4. 4. Bogaert R, Wilkin D, Wilcox WR, Lachman R, Rimoin D, et al. (1994) Expression, in cartilage, of a 7-amino-acid deletion in type II collagen from two unrelated individuals with Kniest dysplasia. Am J Hum Genet 55: 1128–1136.
  5. 5. Tiller GE, Weis MA, Polumbo PA, Gruber HE, Rimoin DL, et al. (1995) An RNA-splicing mutation (G+5IVS20) in the type II collagen gene (COL2A1) in a family with spondyloepiphyseal dysplasia congenita. Am J Hum Genet 56: 388–395.
  6. 6. Vissing H, D’Alessio M, Lee B, Ramirez F, Godfrey M, et al. (1989) Glycine to serine substitution in the triple helical domain of pro-alpha 1 (II) collagen results in a lethal perinatal form of short-limbed dwarfism. J Biol Chem 264: 18265–18267.
  7. 7. Stokes DG, Liu G, Dharmavaram R, Hawkins D, Piera-Velazquez S, et al. (2001) Regulation of type-II collagen gene expression during human chondrocyte de-differentiation and recovery of chondrocyte-specific phenotype in culture involves Sry-type high-mobility-group box (SOX) transcription factors. Biochem J 360: 461–470.
  8. 8. de Crombrugghe B, Lefebvre V, Behringer RR, Bi W, Murakami S, et al. (2000) Transcriptional mechanisms of chondrocyte differentiation. Matrix Biology 19: 389–394.
  9. 9. Hollander AP, Pidoux I, Reiner A, Rorabeck C, Bourne R, et al. (1995) Damage to type II collagen in aging and osteoarthritis starts at the articular surface, originates around chondrocytes, and extends into the cartilage with progressive degeneration. J Clin Invest 96: 2859–2869.
  10. 10. von der Mark K, Gauss V, von der Mark H, Muller P (1977) Relationship between cell shape and type of collagen synthesised as chondrocytes lose their cartilage phenotype in culture. Nature 267: 531–532.
  11. 11. Ryan MC, Sieraski M, Sandell LJ (1990) The human type II procollagen gene: identification of an additional protein-coding domain and location of potential regulatory sequences in the promoter and first intron. Genomics 8: 41–48.
  12. 12. Levy S, Hannenhalli S, Workman C (2001) Enrichment of regulatory signals in conserved non-coding genomic sequence. Bioinformatics 17: 871–877.
  13. 13. Carey M (1998) The Enhanceosome and Minireview Transcriptional Synergy. Cell 92: 5–8.
  14. 14. Fishburn J, Mohibullah N, Hahn S (2005) Function of a eukaryotic transcription activator during the transcription cycle. Mol Cell 18: 369–378.
  15. 15. Woychik NA, Hampsey M (2002) The RNA Polymerase II Machinery:: Structure Illuminates Function. Cell 108: 453–463.
  16. 16. Murrell A, Heeson S, Reik W (2004) Interaction between differentially methylated regions partitions the imprinted genes Igf2 and H19 into parent-specific chromatin loops. Nat Genet 36: 889–893.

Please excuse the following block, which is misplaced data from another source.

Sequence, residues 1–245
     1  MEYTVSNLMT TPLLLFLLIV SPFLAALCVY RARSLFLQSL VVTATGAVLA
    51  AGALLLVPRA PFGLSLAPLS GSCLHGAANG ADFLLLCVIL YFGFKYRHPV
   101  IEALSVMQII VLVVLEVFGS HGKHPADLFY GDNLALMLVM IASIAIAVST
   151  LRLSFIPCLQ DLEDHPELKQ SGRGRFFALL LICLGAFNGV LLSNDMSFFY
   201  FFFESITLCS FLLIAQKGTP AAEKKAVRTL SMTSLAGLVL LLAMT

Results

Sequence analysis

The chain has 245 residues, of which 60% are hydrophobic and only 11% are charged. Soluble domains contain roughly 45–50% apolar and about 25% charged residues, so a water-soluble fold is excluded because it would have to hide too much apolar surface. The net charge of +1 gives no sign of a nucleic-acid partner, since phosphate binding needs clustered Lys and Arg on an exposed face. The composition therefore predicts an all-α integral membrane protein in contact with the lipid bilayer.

17. 17. Lee CG KK, So JS, Kwon HK, Son JS, Song MK, Sahoo A, Yi HJ, Hwang KC, Matsuyama T, Yui K, Im SH (2009) A distal cis-regulatory element, CNS-9, controls NFAT1 and IRF4-mediated IL-10 gene activation in T helper cells. Mol Immunol 46: 613–621.
  18. 18. Tsytsykova AV, Rajsbaum R, Falvo JV, Ligeiro F, Neely SR, et al. (2007) Activation-dependent intrachromosomal interactions formed by the TNF gene promoter and two distal enhancers. Proc Natl Acad Sci U S A 104: 16850–16855.
  19. 19. Jones EA, Flavell RA (2005) Distal enhancer elements transcribe intergenic RNA in the IL-10 family gene cluster. J Immunol 175: 7437–7446.
  20. 20. Bell DM, Leung KKH, Wheatley SC, Ng LJ, Zhou S, et al. (1997) SOX9 directly regulates the type-ll collagen gene. Nat Genet 16: 174–178.
  21. 21. Ghayor C, Herrouin JF, Chadjichristos C, Ala-Kokko L, Takigawa M, et al. (2000) Regulation of human COL2A1 gene expression in chondrocytes. J Biol Chem 275: 27421–27438.
  22. 22. Krebsbach PH, Nakata K, Bernier SM, Hatano O, Miyashita T, et al. (1996) Identification of a minimum enhancer sequence for the type II collagen gene reveals several core sequence motifs in common with the link protein gene. J Biol Chem 271: 4298–4303.
  23. 23. Osaki M, Tan L, Choy BK, Yoshida Y, Cheah KSE, et al. (2003) The TATA-containing core promoter of the type II collagen gene (COL2A1) is the target of interferon-gamma-mediated inhibition in human chondrocytes: requirement for Stat1 alpha, Jak1 and Jak2. Biochem J 369: 103–115.
  24. 24. Mayor C, Brudno M, Schwartz JR, Poliakov A, Rubin EM, et al. (2000) VISTA: visualizing global DNA sequence alignments of arbitrary length. Bioinformatics 16: 1046–1047.
  25. 25. Savagner P, Krebsbach PH, Hatano O, Miyashita T, Liebman J, et al. (1995) Collagen II promoter and enhancer interact synergistically through Sp1 and distinct nuclear factors. DNA Cell Biol 14: 501–510.